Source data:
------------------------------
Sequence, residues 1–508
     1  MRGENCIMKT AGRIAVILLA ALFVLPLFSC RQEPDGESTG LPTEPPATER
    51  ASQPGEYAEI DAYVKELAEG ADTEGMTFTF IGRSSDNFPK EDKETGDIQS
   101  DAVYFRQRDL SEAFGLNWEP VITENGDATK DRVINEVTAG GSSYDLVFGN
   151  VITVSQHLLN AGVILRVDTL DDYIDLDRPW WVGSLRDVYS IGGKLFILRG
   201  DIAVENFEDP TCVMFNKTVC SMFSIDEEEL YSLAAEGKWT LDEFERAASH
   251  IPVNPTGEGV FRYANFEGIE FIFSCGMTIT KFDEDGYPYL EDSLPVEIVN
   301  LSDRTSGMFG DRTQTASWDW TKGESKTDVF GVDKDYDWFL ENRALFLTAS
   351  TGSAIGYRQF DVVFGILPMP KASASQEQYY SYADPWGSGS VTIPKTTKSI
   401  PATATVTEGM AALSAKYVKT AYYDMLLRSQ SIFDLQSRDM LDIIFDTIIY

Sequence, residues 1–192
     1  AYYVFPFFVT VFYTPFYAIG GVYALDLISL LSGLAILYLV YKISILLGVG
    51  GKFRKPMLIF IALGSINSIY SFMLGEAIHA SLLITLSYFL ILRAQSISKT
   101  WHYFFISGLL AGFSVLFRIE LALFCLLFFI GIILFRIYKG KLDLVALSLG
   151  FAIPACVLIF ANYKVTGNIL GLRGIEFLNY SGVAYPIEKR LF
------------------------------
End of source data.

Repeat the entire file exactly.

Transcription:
Sequence, residues 1–508
     1  MRGENCIMKT AGRIAVILLA ALFVLPLFSC RQEPDGESTG LPTEPPATER
    51  ASQPGEYAEI DAYVKELAEG ADTEGMTFTF IGRSSDNFPK EDKETGDIQS
   101  DAVYFRQRDL SEAFGLNWEP VITENGDATK DRVINEVTAG GSSYDLVFGN
   151  VITVSQHLLN AGVILRVDTL DDYIDLDRPW WVGSLRDVYS IGGKLFILRG
   201  DIAVENFEDP TCVMFNKTVC SMFSIDEEEL YSLAAEGKWT LDEFERAASH
   251  IPVNPTGEGV FRYANFEGIE FIFSCGMTIT KFDEDGYPYL EDSLPVEIVN
   301  LSDRTSGMFG DRTQTASWDW TKGESKTDVF GVDKDYDWFL ENRALFLTAS
   351  TGSAIGYRQF DVVFGILPMP KASASQEQYY SYADPWGSGS VTIPKTTKSI
   401  PATATVTEGM AALSAKYVKT AYYDMLLRSQ SIFDLQSRDM LDIIFDTIIY

Sequence, residues 1–192
     1  AYYVFPFFVT VFYTPFYAIG GVYALDLISL LSGLAILYLV YKISILLGVG
    51  GKFRKPMLIF IALGSINSIY SFMLGEAIHA SLLITLSYFL ILRAQSISKT
   101  WHYFFISGLL AGFSVLFRIE LALFCLLFFI GIILFRIYKG KLDLVALSLG
   151  FAIPACVLIF ANYKVTGNIL GLRGIEFLNY SGVAYPIEKR LF